Armenian Food Culture
Classic aspects of Armenian food culture, developed for millennia, still remain today. Based on studies of written and verbal sources, as well as field investigation, we have obtained a substantial amount of substantiated information, allowing us to confidently design and illustrate the Armenian food pyramid. The Armenian food pyramid does not take into account the quantity and percentage of calories within the diet ratio, but rather the frequency of and proportion of the food servings, which we believe to be the most useful information. The purpose of drawing this pyramid is to demonstrate what is applied as a food and in what frequency, which helps us to better understand the connection between what we eat and who we are.
For a basic understanding of the Armenian diet, we consider the diet is primarily subdivided into two main types: plant-based and mammalian. Plant-based items are either collected from the wild or farm grown, while mammalian-based foods are obtained via hunting and cattle breeding.
The availability of food types is an important consideration for food system classification, as climatic conditions such as seasonal changes has an effect on the prevalence of certain foods. Knowing this fact, there are various classifications of foods, such as: valley, hilly and mountainous.
By identifying and classifying the types of food consumed by populations, we are able to develop what is known as a food pyramid. We do not concentrate on the content of the foodstuff basic caloric and it’s used, but our attention is given to the vitality of food, created during its gathering and preparation which, of course, is directly connected to one’s behavior and emotion.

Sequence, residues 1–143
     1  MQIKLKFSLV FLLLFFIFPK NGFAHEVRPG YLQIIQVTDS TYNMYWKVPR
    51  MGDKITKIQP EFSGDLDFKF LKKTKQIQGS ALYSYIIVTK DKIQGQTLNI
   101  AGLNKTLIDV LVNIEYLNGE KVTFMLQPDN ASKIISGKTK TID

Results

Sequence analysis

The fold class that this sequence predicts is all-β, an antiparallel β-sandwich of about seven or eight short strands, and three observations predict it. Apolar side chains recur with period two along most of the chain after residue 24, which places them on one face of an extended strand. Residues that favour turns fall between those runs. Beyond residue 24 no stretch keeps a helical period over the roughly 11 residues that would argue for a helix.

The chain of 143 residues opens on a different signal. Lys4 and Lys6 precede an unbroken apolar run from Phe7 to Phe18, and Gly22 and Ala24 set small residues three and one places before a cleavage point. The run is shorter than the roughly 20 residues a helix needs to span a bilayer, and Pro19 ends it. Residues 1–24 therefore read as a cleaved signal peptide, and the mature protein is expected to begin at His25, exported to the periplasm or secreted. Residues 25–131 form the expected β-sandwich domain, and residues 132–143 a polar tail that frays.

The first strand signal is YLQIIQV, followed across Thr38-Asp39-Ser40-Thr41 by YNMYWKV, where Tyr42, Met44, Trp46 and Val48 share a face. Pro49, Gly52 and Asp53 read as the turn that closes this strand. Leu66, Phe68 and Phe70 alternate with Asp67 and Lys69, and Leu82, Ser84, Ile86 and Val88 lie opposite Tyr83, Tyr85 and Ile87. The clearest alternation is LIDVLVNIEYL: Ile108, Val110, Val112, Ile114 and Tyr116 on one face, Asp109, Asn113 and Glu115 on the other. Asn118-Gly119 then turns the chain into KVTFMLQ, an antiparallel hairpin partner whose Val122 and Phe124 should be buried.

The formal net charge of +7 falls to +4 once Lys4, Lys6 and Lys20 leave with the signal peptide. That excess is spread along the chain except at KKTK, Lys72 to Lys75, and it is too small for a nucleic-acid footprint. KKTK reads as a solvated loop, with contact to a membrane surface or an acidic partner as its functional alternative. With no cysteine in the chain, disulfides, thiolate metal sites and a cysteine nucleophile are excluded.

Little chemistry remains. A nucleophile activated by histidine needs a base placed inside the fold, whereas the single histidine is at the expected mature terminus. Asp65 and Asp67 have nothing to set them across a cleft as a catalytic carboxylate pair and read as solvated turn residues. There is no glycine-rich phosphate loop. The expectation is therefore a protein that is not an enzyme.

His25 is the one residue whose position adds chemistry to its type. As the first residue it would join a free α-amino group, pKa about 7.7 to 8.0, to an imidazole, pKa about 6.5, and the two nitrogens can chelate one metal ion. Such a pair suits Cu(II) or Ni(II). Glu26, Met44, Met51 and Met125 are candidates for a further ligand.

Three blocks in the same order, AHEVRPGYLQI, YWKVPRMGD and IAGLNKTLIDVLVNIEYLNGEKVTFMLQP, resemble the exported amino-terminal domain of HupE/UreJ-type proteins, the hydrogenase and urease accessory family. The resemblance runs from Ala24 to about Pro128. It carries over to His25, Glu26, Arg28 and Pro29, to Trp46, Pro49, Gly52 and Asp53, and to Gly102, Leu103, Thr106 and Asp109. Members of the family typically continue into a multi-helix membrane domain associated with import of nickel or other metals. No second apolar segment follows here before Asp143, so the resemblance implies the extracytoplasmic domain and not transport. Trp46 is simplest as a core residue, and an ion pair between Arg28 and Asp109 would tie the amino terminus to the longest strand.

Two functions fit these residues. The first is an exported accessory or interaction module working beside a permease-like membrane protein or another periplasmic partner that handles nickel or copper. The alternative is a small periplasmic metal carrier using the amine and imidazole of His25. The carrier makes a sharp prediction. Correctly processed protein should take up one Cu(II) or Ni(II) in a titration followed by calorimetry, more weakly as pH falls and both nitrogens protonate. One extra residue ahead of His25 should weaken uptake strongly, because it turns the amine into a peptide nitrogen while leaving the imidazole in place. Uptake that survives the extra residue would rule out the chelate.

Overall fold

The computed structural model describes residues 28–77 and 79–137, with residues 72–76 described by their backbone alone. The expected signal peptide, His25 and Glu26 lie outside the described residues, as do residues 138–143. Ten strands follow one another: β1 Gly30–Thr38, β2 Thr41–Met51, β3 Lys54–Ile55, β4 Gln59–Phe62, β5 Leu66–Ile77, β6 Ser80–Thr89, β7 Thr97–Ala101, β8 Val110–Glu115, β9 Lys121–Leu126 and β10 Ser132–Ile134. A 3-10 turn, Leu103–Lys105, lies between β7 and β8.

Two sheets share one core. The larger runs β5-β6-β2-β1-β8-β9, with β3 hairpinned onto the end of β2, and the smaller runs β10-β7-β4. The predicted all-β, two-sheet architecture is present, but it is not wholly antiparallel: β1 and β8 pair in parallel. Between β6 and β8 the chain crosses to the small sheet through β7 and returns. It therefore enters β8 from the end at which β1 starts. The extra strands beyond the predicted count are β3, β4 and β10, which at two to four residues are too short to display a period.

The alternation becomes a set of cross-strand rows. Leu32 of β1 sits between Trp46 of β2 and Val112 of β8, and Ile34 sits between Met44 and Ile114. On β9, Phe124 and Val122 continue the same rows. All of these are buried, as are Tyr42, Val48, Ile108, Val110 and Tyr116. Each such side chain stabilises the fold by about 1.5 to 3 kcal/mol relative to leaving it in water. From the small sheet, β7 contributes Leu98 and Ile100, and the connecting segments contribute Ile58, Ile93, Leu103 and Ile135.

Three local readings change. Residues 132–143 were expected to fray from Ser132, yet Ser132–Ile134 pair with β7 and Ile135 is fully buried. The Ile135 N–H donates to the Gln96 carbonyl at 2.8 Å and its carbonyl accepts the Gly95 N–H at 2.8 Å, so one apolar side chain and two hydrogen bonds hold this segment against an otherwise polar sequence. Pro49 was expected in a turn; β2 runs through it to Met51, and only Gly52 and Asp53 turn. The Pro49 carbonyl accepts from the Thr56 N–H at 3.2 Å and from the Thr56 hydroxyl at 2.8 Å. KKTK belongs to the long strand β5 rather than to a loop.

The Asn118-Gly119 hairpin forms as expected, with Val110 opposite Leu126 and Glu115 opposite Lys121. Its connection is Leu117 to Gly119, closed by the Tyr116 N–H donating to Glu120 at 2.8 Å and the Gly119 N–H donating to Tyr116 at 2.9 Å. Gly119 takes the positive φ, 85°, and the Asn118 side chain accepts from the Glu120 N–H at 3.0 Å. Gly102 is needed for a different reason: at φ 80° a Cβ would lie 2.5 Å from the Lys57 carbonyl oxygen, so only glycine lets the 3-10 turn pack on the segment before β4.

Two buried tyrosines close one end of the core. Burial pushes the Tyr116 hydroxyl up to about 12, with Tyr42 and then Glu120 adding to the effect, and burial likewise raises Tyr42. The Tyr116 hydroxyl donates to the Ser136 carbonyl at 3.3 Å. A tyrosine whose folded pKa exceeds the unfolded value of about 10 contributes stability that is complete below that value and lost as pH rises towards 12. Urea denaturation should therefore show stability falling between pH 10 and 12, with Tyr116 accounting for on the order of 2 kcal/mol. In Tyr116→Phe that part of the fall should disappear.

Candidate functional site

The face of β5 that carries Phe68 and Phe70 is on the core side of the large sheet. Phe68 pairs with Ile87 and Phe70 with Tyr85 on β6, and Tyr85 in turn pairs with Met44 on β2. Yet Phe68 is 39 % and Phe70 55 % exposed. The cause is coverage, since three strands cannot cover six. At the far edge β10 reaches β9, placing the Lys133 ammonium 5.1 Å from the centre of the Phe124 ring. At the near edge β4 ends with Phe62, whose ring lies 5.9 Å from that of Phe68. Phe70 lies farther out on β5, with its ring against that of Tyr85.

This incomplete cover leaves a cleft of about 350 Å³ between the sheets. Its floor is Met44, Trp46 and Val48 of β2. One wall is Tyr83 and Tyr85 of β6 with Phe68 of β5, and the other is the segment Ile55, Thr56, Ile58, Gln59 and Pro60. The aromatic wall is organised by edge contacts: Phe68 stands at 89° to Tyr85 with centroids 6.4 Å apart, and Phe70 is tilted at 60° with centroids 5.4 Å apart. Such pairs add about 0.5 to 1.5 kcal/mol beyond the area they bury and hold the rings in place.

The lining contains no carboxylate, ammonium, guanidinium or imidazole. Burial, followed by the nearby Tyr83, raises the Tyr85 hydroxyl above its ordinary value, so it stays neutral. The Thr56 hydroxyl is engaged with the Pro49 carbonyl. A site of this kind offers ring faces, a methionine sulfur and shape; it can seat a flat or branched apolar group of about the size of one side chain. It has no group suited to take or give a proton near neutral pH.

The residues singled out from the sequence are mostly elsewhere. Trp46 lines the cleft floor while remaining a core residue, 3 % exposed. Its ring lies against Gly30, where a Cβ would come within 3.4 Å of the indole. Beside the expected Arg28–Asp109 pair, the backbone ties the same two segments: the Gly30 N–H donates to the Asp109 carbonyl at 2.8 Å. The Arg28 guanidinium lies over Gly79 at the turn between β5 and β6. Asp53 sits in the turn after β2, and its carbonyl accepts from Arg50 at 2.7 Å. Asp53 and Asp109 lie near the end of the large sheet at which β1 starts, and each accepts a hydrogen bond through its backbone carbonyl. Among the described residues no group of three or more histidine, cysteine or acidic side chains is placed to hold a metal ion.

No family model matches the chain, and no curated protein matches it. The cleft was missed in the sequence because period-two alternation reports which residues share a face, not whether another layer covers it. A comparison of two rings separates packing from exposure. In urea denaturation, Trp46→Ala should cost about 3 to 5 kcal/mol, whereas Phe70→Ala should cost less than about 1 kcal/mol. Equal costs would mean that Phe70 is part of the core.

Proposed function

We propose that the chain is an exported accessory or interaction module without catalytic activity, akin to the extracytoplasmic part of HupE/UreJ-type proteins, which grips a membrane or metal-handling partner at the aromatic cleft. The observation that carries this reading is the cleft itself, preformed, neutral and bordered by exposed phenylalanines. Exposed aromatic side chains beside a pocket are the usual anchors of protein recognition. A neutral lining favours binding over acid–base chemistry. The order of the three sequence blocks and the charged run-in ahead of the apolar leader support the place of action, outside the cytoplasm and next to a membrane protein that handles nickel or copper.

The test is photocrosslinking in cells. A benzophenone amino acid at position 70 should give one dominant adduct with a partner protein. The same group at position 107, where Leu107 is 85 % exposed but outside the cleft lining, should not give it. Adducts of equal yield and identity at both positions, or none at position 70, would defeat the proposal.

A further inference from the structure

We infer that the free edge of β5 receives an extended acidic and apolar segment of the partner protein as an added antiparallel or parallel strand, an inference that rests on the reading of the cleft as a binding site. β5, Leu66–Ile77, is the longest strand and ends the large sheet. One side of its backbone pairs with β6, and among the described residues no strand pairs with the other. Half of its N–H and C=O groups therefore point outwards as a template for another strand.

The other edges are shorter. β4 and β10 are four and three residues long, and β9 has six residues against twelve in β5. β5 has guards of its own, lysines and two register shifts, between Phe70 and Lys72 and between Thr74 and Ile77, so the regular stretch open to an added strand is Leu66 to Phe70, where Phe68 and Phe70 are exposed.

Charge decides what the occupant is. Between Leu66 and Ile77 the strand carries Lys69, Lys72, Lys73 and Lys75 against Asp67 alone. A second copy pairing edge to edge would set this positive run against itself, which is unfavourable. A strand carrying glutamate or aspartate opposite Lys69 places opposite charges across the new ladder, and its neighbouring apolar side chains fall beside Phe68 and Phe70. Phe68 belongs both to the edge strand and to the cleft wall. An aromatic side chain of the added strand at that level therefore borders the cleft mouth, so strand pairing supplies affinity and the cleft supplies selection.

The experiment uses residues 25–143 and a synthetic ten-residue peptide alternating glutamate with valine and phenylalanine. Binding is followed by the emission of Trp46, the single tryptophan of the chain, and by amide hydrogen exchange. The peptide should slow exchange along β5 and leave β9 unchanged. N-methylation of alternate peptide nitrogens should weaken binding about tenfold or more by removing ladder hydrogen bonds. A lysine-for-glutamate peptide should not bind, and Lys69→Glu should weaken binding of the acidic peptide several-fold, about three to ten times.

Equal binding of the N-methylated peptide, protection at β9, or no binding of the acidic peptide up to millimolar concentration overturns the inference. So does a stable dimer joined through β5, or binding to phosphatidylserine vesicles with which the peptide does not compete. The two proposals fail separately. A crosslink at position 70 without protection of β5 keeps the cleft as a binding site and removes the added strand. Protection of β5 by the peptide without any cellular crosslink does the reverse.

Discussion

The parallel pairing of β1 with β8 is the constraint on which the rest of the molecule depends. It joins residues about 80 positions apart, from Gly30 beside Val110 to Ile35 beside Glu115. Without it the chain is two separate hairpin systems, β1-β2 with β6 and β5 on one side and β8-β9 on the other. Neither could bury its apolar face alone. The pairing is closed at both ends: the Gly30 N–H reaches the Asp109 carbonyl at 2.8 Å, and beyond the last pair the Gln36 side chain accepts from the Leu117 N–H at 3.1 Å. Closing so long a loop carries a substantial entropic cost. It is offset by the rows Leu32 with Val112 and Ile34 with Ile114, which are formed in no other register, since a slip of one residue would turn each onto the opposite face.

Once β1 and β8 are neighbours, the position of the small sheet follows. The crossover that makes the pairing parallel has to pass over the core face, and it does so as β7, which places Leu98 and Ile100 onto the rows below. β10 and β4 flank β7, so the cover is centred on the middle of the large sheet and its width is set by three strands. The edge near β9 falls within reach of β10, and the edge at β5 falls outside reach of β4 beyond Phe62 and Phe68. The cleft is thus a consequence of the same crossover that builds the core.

The food supplies not only substances necessary for normal physiological functioning, but also provides us with energy. “Live fully through food in which life exists” is a proverb which is believed to be valid not only philosophically, but also from a scientific point of view (A.Mehrabian, “Influence of food on consciousness, behavior and character of the person” personal archive notebook #3, page 56). Today we know exactly how many calories, vitamins, fibers, fats, carbohydrates, etc. is necessary for a normally functioning body, but we must also understand these are not the only indicators which contribute to health. It is a proven fact – even if a person “perfectly” adheres properly to all the aforementioned dietetic items, it does not guarantee an organism to normally function and/or be healthy. Nowadays, most scientific research fails to consider life as FORCE that, when combined with certain kinds of a matter, may create LIFE. Unfortunately, the primary focus has been only on seeing life as the matter, rather than a spiritual force.